Some changes are happening at my last company and someone pointed me to this timeline a Wikipedian compiled of it, on which, I’m an early entry.
Despite understandable omissions and commissions , what a huge effort that must have been! I continue to be impressed with the dedication of the Wikipedian community.
The other day, a friend and co-worker wondered, “Could you imagine what would it’d be like if we were still there?” I responded, “I don’t since I would have resigned long before.” So I had only enough overlap with the outgoing Executive Director to form some suspicion, but not enough to say anything beyond what I’ve already said.
Instead I want to use this moment to comment on her predecessor, someone I did work long enough under long enough to form an opinion, Sue Gardner. I’ve never met anyone who can read so much about an organizational issue from such a small clue as Sue to the point where I chose intentionally each of my interactions with her. She was extremely thoughtful—as in putting a lot of thought into something—and expected and appreciated the same from others. Sometimes she’d make an observation in an area that I, who was working daily on it, had missed. When you are a chief executive who has less time for anything than anyone else, I learned from her these are essential skills to being a good one.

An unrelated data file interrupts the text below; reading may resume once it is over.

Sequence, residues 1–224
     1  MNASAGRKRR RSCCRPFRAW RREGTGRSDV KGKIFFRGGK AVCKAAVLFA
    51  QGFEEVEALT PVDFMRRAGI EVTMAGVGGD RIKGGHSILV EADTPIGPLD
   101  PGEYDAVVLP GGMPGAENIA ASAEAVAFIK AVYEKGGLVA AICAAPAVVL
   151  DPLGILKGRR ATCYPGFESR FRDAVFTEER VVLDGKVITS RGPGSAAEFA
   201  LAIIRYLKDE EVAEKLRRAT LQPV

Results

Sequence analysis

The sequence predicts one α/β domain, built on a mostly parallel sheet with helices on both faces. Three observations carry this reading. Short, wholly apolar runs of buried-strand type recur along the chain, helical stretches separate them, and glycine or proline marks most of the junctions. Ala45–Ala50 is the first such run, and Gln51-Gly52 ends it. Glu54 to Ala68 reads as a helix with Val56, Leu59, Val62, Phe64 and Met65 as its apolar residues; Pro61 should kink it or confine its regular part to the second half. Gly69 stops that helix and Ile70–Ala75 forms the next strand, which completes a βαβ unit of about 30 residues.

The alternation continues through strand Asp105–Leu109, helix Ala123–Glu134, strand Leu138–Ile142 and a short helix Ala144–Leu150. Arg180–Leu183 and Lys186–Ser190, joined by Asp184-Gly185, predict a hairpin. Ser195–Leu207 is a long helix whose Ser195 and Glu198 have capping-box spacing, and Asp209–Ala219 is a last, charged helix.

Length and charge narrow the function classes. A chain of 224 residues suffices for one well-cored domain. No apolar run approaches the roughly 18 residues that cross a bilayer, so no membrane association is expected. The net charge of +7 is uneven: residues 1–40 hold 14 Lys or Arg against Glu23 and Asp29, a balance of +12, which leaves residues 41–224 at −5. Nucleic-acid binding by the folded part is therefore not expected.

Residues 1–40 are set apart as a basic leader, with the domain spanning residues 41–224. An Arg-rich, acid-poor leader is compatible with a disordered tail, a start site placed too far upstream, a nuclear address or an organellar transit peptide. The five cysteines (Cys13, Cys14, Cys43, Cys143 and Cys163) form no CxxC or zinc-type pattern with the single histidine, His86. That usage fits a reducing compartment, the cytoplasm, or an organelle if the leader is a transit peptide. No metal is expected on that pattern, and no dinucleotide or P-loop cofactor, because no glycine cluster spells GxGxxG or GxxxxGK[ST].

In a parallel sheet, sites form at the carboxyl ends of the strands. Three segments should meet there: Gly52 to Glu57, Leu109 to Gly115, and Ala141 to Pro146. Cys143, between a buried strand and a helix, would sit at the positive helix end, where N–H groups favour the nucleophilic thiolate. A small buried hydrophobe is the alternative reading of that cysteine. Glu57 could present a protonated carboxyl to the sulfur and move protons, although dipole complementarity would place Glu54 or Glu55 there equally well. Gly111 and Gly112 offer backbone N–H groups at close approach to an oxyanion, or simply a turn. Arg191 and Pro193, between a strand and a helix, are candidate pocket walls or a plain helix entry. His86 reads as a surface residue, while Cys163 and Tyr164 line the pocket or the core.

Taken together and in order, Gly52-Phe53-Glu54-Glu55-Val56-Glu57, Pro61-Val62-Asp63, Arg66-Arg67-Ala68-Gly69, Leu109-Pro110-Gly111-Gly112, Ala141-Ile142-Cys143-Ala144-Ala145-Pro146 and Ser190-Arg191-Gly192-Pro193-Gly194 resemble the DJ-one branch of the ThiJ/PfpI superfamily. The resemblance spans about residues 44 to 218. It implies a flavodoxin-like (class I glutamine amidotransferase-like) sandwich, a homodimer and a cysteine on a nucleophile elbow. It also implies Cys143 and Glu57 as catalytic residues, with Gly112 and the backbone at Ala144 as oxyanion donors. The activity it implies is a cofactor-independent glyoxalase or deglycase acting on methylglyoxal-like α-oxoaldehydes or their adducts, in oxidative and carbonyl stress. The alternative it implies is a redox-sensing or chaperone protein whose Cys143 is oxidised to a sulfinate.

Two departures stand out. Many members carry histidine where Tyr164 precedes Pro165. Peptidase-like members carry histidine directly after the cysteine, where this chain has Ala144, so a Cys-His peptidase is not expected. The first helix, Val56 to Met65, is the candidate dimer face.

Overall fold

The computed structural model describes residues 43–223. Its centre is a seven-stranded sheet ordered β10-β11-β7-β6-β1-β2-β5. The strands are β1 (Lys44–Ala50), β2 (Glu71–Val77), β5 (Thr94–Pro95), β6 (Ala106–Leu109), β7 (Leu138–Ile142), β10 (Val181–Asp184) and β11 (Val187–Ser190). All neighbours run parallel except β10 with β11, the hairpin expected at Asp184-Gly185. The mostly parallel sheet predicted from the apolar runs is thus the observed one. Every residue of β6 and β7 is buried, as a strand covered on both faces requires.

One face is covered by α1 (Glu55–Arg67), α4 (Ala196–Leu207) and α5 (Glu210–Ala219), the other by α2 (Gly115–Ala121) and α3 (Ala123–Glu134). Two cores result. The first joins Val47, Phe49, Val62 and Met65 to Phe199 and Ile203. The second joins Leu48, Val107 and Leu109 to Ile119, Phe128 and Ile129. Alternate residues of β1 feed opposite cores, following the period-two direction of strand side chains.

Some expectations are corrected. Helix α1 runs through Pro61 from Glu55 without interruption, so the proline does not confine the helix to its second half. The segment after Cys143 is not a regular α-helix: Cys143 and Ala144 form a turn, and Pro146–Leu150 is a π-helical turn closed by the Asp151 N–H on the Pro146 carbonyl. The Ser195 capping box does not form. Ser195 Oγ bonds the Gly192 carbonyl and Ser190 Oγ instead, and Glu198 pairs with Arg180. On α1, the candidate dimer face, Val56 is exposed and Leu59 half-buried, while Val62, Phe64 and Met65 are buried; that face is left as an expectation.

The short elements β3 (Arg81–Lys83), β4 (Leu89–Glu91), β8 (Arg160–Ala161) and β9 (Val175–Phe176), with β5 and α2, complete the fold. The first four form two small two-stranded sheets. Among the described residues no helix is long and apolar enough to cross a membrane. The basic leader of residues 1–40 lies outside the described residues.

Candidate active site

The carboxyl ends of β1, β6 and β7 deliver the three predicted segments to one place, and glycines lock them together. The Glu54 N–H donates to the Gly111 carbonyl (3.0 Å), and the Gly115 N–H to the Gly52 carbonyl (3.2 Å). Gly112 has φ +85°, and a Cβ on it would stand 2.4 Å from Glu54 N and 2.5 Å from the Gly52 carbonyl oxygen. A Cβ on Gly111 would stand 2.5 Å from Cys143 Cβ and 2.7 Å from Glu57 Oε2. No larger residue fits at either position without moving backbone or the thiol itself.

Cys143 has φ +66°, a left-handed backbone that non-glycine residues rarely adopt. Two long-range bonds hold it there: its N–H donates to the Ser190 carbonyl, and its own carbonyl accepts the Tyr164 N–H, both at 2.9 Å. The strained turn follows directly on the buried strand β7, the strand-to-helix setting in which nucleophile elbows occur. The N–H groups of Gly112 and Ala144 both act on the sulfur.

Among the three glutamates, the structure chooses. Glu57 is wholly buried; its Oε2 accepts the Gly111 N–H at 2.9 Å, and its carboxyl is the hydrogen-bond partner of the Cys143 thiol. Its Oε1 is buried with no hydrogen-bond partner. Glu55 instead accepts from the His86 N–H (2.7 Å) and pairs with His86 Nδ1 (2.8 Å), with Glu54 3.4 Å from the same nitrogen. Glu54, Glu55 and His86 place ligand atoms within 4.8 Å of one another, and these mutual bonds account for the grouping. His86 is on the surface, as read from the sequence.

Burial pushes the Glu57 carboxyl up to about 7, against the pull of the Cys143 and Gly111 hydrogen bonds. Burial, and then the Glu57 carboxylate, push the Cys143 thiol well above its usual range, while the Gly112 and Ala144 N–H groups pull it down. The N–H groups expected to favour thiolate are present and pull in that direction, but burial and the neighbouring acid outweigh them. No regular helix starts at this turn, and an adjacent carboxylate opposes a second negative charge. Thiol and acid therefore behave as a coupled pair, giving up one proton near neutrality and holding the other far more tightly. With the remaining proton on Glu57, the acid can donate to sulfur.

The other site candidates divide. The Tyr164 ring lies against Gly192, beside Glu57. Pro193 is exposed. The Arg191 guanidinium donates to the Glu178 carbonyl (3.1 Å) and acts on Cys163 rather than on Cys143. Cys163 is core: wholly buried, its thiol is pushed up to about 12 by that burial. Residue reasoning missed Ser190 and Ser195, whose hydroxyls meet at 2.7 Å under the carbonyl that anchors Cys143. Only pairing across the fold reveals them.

When she left she spent a number of hours with us to discuss hiring practices. One thing she said then was you should check yourself in a new hire because there will be no time you’ll feel better about your hire than the day you hire them.
That’s something that can be applied directly to replacing someone and indirectly through the ripples created by any hire. Too often people get excited about what a new person brings or might bring instead of wondering what will be lost by people leaving or being displaced. Instead of focusing in what you’ll be gaining with a new hire, ask, “What skills did the outgoing person have that they were great at?” Those are the ones your organization will definitely be losing with the person incoming.